Each summer the Flinn Scholars Program takes an entire class of Scholars to Budapest, Hungary, and neighboring Romania for a three-week seminar on the emerging democracies of Eastern Europe. Here’s a day-by-day account.
Kathryn Scheckel (’07):
Our two-day homestay in the Hungarian village of Homorod Szent Peter (or in Romanian, “Petrem”) in Transylvania began rather early, at 2 a.m., after a long bus ride of nine hours. After being greeted enthusiastically with Palinka and dessert rolls by the women of the village, members of the group then tiredly made their way to their respective hosts’ homes and went to sleep.
Around 8 a.m., I awoke to the classic sounds of a farm–sheep, roosters, and cows. Breakfast, prepared by my gracious host Veronica, consisted of bread and butter, deviled eggs, fruit, and coffee. What a delicious way to begin the day.
During the morning, the students had the option to choose between either attending the weekly Sunday Unitarian service led by Kinga, the head minister of the village; or exploring the surrounding area, which is what I decided to do. Along with Efren, Charles, Niko, Cole, Shruti, and Juhyung, we spent around three hours looking at the beautiful scenery of the rural village. We walked through the peaceful cemetery, which clearly was very well cared for by the relatives of the deceased, indicating the strong family ties of the community.
On our way back to the village for lunch, we got a chance to see cows from a very up-close perspective. Efren and Juhyung were brave enough to cross the electric fence to pet them–which was not exactly well-received by the lethargic and angry-looking cows!
Those who went to the church service commented on the traditional, simple style of the prayers, and enjoyed gaining insight into a very integral part of the community’s mentality and shared spiritual connection.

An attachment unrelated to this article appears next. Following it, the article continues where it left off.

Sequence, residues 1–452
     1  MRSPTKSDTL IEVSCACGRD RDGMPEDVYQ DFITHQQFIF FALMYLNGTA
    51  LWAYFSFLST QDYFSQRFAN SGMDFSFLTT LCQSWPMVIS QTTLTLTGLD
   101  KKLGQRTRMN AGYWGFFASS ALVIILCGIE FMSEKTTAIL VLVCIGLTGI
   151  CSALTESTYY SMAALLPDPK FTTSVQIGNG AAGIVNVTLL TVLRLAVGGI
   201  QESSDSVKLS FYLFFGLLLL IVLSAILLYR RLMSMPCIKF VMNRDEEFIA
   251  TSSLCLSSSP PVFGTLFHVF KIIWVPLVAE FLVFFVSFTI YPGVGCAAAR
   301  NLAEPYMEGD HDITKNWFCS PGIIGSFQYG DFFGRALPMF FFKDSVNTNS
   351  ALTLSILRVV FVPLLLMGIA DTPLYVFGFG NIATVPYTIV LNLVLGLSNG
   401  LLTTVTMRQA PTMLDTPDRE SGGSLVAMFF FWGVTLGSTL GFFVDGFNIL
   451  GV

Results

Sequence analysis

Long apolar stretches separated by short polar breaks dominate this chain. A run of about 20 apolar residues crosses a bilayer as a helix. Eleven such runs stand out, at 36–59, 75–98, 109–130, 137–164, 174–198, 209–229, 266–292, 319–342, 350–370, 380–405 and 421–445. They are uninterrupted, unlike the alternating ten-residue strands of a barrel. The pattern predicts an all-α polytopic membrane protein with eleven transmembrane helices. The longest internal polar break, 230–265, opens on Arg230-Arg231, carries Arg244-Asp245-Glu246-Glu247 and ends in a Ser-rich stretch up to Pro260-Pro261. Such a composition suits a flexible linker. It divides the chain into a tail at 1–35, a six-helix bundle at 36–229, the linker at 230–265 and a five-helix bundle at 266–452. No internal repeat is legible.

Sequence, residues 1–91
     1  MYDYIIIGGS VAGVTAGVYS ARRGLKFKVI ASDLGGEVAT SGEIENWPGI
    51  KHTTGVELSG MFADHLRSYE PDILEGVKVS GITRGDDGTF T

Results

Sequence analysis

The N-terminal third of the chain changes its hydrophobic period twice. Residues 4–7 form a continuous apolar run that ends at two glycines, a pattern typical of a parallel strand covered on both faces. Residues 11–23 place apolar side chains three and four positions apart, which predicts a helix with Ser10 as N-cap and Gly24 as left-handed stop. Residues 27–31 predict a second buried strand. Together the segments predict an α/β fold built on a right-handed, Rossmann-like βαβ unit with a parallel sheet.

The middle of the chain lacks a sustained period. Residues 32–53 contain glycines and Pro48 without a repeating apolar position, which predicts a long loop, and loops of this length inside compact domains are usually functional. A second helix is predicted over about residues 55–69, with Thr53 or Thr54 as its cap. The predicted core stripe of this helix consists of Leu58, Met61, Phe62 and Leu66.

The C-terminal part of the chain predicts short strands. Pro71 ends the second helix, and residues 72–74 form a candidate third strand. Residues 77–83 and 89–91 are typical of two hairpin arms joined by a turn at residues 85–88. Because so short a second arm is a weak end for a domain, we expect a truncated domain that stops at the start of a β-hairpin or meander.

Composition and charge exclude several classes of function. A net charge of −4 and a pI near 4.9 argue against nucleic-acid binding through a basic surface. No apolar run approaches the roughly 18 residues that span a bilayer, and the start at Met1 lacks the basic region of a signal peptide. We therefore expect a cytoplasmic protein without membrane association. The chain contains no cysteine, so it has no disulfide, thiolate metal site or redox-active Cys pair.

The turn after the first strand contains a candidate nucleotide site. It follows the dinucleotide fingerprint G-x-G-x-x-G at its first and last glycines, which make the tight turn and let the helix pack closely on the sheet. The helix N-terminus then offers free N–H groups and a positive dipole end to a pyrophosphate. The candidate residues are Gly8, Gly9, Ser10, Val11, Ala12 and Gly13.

In the afternoon, everyone spent time in the city of Sighisoara, the birth place of the legendary Count Dracula–or the harsh fifteenth-century Wallachian prince, Vlad Tepes. Sighisoara attracts many tourists and is known for its beautiful cobbled architecture, classic churches, museums, and a vast German cemetery. Some detours were taken into the surrounding shops in the town, where many people, including myself, purchased the local glass jewelry, pottery, and hand-crafted wooden goods.
In the evening, another display of the community’s generosity was shown in the goulash party. All the hosts prepared an elaborate meal of traditional goulash, salad, bread, sauerkraut, and drinks. Following the dinner, the group engaged in traditional Hungarian folk dancing, led by two young men of the community. This is where I discovered I certainly have two left feet when it comes to mimicking the complicated, rhythmic moves of the dances. However, I really enjoyed not only observing but actually experiencing these lively dances. The Flinn group was able to share with the Hungarians our own “traditional” American “hokey pokey” and the “Macarena”–though not exactly the same level of dancing we were introduced to!
Overall, day one in the village of Homorod proved to be both insightful and unexpectedly relaxing for me. Observing the hard-working members of the community and seeing the different gender roles and expectations within the village’s hierarchy was enlightening. While men generally perform outdoor physical activities, the women serve as anchors for the home and family. Responsibilities are split evenly among family members, and children seem to mature at a much younger age than the average American child. The immersion into the village’s lifestyle and our immediate acceptance by its gracious members made this particular homestay a valuable and enjoyable cultural learning opportunity for me.
Photo by Kathryn Scheckel (’07)